When looking for ways to save, consider rethinking your phone bills. The New Jersey Society of Certified Public Accountants offers the following advice on how to become a savvy consumer when it comes to budgeting your phone service.
There are two considerations to explore that could add up to significant annual savings: (1) reevaluating your landline phone bill; and (2) taking a closer look at your cell phone bill and the options and rebates your carrier offers.
If your household has a traditional landline provided by an incumbent local exchange carrier (IECL), your numbers are dwindling. According to recent statistics, 41 percent of Americans live in households that have no telephone landlines, only cell phones. Not surprising, this number correlates directly with age—the younger the household, the more likely that a landline is not on the premises.
Those who maintain a telephone landline do have good reasons: landlines have a strong reputation of reliable service; IECLs are not affected by power outages, which is an issue in areas susceptible to storms interrupting electrical service; nor are they dependent on Internet connectivity. So, how can you keep that service and cut your monthly budget?
The most common consideration when looking to reduce your expense is the bundling offered by Internet providers that combine phone, television and Internet. There are two other options that are not as obvious:
Keep the landline, but get rid of all the features. If you rarely use the “house phone,” consider a “measured service” option with a standard monthly fee and a per-call charge.
Introduce a wireless home phone. For a monthly fee and free shipping of hardware, you can keep the existing inside phone hardware and port the phone number to your current cellphone provider. You may need to sign a multiyear contract for this option. Check with your wireless provider to find out the charges for this service and compare them with your monthly landline phone bill. You may be surprised by the savings.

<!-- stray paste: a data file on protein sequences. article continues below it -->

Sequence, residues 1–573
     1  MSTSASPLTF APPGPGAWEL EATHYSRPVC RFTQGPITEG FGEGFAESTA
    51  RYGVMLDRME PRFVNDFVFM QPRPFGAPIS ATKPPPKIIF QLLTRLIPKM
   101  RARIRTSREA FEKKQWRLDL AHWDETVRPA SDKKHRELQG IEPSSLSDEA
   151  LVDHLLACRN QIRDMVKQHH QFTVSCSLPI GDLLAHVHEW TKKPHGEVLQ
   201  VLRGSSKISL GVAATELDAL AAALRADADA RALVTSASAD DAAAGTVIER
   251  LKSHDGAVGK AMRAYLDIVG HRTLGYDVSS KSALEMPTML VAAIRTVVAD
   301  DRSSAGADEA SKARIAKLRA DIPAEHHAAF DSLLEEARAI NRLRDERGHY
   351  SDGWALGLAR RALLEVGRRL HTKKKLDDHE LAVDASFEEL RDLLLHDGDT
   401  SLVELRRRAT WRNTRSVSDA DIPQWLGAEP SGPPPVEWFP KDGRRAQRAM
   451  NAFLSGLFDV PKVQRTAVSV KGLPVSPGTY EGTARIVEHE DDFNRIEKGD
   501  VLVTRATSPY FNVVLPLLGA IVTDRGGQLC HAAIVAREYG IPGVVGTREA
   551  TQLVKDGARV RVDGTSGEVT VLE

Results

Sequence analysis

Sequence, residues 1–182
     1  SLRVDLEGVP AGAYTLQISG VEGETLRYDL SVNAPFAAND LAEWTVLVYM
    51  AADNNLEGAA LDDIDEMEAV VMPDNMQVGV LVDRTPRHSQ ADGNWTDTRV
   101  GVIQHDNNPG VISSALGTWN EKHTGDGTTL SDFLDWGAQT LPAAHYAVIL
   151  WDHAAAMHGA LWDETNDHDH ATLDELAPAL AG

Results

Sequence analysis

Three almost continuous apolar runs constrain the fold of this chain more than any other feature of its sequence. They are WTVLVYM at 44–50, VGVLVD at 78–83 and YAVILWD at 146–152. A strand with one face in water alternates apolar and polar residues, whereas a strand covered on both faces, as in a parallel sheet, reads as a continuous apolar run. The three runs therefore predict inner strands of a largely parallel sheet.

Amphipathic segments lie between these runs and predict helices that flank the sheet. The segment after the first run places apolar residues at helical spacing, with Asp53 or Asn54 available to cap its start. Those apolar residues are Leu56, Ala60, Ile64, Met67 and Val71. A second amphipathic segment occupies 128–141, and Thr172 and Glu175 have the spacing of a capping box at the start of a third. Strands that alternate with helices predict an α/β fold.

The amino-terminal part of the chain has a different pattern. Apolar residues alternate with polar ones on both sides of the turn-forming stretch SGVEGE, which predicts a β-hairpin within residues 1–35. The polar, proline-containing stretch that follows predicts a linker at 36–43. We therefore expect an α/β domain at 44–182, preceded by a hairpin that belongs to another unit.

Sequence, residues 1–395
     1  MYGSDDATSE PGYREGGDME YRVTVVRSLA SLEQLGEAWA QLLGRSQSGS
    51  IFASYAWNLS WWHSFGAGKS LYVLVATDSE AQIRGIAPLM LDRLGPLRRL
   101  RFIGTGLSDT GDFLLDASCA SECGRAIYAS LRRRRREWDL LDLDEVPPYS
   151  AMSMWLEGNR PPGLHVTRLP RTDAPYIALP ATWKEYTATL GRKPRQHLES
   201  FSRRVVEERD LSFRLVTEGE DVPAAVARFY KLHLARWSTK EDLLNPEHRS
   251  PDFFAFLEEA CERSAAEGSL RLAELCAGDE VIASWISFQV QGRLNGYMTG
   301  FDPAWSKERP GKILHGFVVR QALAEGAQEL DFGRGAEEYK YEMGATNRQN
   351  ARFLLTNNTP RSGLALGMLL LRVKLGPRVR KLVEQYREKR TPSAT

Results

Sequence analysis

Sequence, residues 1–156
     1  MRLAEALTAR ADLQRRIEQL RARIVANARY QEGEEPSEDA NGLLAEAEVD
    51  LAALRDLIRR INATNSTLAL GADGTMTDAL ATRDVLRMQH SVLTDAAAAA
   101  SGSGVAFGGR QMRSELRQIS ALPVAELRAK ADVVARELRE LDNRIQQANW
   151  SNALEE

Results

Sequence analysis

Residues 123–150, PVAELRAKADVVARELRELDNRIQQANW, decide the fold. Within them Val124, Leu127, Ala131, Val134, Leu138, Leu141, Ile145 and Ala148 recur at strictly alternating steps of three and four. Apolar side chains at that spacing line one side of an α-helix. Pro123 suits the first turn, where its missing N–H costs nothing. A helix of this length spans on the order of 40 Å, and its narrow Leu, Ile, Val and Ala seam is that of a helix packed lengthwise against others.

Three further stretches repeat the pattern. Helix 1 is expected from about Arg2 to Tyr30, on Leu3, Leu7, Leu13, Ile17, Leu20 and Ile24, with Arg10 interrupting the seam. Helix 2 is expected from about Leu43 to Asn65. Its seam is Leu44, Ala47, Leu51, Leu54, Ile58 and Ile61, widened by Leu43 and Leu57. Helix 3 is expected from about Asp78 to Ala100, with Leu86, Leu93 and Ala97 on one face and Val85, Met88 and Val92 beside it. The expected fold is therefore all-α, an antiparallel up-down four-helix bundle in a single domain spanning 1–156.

Cell Phone Tips and Tricks
Take a close look at your cell phone bill. Are you using all the services you are purchasing? For instance, in today’s wireless environment, do you still need the same data plan that you purchased five years ago? Do you regularly find yourself with excess data at the end of each month? It may be time to cut that number for some savings.
Visit your provider’s website and look at the costs of a data plan downgrade. You may need to dig deep. Look into the customer forums to see what savings gems you can uncover. You may find that if you extend your contract you get a free gigabyte of data. If your plan is on the cusp between two data options, this may help you seal the deal for the lower gigabyte deal.
Another savings option is to skip the phone upgrade. If you’re eligible for an upgrade, but your phone is working fine, some cell phone carriers offer a loyalty bonus plan. If you don’t upgrade your phone when an upgrade is due, you may qualify for a monthly discount until you decide to upgrade.
Be a Smart Consumer
It takes time and patience to work your way through the various phone options and identify what fits your needs. Before you start, be sure to have a few months’ bills nearby for reference, take good notes from websites and phone conversations with customer retention specialists, and once you identify the savings make a plan to adjust your budget to meet your household goals.
Consult Your Local CPA
Want more budget-saving ideas? Turn to your local CPA. He or she can offer practical advice to help you make smart financial choices.
If you don’t have a CPA, you can easily locate one online using the NJCPA’s free, online Find-A-CPA service. Just go to findacpa.org, and in a few clicks you can locate a highly qualified professional who can assist you.
To find more information on various personal financial matters, visit the NJCPA’s public service website at MoneyMattersNJ.com. While visiting, you can subscribe to Your Money Matters, the NJCPA's free, monthly email newsletter to receive valuable personal financial planning advice throughout the year.
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Editors Note: Money Management is a weekly column on personal finance distributed by the NJCPA